Glasgow - City of Sculpture
By Gary Nisbet
William Brodie
(1815-81)
The son of a Banff shipmaster, and brother of sculptor Alexander Brodie, he worked as a plumber in Aberdeen before moving to Edinburgh in 1847 to study sculpture at the Trustee's School of Design, c. 1851-3, then studied in Rome under Laurence MacDonald.

Returning to Edinburgh, he established a successful practice specialising in portrait busts, public monuments and architectural sculpture.

For Glasgow, he executed the statue of Thomas Graham, George Square (1871-2); a marble statue of John Graham Gilbert, Kelvingrove Art Gallery (1870); and the statue of the Young Scholar on the former Buchanan Institute, Greenhead Street (1873).

In 1872, he carved a statue of St. Andrew for the City of Glasgow Assurance Company, 28-36 Renfield Street, as a companion to G E Ewing 's St. Mungo, but these were lost in 1929 when the building was demolished.

In 1875, he was one of three sculptors invited to submit designs for Glasgow's David Livingstone Monument (for George Square). Although unsuccessful, his model is now displayed at the David Livingstone Centre, Blantyre.

His funerary monuments in the city include the John Graham Gilbert Monument, designed by Charles Heath Wilson and David Thomson, Necropolis (c. 1863); the bronze relief portrait of Rev. Duncan Macfarlan, Necropolis (1860); and the 71st Highland Light Infantry Memorial, Glasgow Cathedral (1863).

He also provided Edinburgh's cemeteries with some of their finest monuments and portrait reliefs and busts.

These include the Classical mausoleum in Dean Cemetery for James Buchanan, the founder of the Buchanan Institution in Glasgow, for which Brodie carved the statue of the Young Scholar. For the mausoleum he produced a colossal bronze bust of Buchanan and a bronze door with a relief of a female mourner. Other works nearby are the monuments to the engineer Robert William Thomson, with a portrait medallion (1873), and the fine monument to the painter Sam Bough, which also features a huge portrait madallion (1878).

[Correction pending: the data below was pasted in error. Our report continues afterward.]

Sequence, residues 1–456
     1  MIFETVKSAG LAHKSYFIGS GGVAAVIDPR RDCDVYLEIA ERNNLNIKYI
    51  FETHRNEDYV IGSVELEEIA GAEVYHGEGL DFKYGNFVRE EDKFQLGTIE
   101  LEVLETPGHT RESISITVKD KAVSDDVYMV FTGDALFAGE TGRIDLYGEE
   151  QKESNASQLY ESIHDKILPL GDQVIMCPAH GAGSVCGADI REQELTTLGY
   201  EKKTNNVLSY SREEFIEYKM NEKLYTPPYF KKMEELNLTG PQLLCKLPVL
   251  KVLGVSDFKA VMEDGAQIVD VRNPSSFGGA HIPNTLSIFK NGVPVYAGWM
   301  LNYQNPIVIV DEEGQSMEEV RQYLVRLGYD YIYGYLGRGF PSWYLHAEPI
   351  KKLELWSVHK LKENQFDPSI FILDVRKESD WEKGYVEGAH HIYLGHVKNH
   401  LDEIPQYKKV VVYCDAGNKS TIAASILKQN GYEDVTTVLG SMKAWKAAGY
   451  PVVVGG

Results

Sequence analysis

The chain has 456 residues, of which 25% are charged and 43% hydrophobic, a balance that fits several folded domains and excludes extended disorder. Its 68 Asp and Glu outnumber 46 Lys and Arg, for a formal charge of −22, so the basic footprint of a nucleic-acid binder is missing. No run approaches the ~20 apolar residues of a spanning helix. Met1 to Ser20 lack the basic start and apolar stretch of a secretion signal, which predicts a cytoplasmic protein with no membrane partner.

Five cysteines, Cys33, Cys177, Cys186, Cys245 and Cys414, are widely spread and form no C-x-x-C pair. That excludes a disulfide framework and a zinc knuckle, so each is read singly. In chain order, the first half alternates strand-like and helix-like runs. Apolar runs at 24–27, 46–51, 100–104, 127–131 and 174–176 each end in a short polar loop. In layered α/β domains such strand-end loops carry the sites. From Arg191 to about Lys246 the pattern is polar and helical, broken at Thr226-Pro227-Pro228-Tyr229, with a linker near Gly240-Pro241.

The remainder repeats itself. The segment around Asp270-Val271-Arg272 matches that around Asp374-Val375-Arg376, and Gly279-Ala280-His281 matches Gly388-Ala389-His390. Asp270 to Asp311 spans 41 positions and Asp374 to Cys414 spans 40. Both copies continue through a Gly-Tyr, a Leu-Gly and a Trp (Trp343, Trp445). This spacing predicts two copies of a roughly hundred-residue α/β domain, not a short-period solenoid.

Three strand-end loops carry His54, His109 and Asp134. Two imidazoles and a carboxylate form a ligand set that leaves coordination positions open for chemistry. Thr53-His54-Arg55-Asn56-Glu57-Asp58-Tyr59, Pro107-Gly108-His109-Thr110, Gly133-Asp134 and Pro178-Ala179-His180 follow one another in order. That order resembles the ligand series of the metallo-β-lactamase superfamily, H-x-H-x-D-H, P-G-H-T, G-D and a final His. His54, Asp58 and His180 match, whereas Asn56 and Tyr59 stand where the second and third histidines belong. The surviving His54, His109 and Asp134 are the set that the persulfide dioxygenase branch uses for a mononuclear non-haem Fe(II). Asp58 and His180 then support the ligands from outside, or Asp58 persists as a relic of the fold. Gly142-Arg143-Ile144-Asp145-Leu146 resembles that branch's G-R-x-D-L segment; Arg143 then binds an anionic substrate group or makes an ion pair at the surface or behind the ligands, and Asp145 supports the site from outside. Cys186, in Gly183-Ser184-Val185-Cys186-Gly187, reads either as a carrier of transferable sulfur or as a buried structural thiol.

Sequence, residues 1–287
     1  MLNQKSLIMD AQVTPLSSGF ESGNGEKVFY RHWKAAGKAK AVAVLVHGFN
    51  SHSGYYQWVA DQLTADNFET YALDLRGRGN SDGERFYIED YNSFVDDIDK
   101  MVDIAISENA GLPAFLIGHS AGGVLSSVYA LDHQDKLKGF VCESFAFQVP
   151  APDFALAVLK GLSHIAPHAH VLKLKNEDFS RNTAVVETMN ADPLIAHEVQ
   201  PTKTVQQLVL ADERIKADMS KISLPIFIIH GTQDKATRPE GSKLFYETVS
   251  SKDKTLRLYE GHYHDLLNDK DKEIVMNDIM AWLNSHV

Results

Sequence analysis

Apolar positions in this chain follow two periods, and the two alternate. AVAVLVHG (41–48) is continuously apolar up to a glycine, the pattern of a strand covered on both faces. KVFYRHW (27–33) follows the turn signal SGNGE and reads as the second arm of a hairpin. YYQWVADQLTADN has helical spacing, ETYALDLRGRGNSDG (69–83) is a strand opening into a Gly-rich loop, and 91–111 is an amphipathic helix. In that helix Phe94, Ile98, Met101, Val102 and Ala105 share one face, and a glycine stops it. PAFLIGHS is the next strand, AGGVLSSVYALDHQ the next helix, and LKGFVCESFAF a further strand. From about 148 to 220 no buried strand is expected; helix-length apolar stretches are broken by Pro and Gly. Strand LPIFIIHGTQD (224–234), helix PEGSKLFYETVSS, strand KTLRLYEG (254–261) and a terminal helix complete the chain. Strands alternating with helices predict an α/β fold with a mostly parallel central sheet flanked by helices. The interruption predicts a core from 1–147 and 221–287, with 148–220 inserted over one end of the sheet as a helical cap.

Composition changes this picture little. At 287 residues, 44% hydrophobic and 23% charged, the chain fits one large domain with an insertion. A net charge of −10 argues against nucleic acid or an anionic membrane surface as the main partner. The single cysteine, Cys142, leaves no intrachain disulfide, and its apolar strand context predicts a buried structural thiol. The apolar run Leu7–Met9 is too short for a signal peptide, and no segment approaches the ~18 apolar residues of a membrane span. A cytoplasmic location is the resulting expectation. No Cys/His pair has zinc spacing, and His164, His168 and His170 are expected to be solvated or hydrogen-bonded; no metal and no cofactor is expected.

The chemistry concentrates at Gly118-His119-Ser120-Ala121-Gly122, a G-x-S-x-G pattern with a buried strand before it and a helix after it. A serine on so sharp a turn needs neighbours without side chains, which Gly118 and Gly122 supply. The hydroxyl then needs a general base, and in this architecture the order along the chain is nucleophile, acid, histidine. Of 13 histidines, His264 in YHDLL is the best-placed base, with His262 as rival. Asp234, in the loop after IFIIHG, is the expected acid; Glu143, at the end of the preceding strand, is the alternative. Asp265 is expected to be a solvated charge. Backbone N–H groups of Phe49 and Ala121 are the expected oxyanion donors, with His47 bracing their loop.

Amongst his other commissions for public sculpture are: the statue of Prince Albert, Perth (1864); the statue of Amy Robsart on the Scott Monument, Edinburgh (1881), and the famous Sky Terrier on the Greyfriars Bobby Drinking Fountain, Edinburgh (1872).

He also produced a bronze statue of Hercules, now at Port Merion, Wales (1850), and the Moffat Ram, on the William Colvin Drinking Fountain, Moffat, which caused Brodie much embarrasment when it was pointed out at the unveiling that the ram had no ears. His critic was wrong, however, as the ram's ears were hidden by the thick fleece for which the breed (Blackfaced) was renowned, and which the sculptor depicted, therefore, with great accuracy (1875).

Exhibiting work at the RA , RSA and RGIFA , from 1847, including a bust of Queen Victoria for Balmoral (1868), he was elected ARSA , 1857, RA , 1859, and served as Secretary of the Scottish Academy, 1876-81.

Brodie died in Edinburgh on 30 October, 1881, at his home in Cambridge Street, and was buried in the city's Dean Cemetery, where his grave is marked by a simple granite monument surmounted by an urn.

Sources:

 
Works in our Database:
1: George Square (City Centre),
George Square
Monument to Thomas Graham (1871)
Sculptor: W Brodie; Foundry: R Masefield & Co
2: Greenhead Street (Bridgeton),
Greenview School, 47 Greenhead Street
The Scholar and associated reliefs (1873-4)
Sculptor: W Brodie
 
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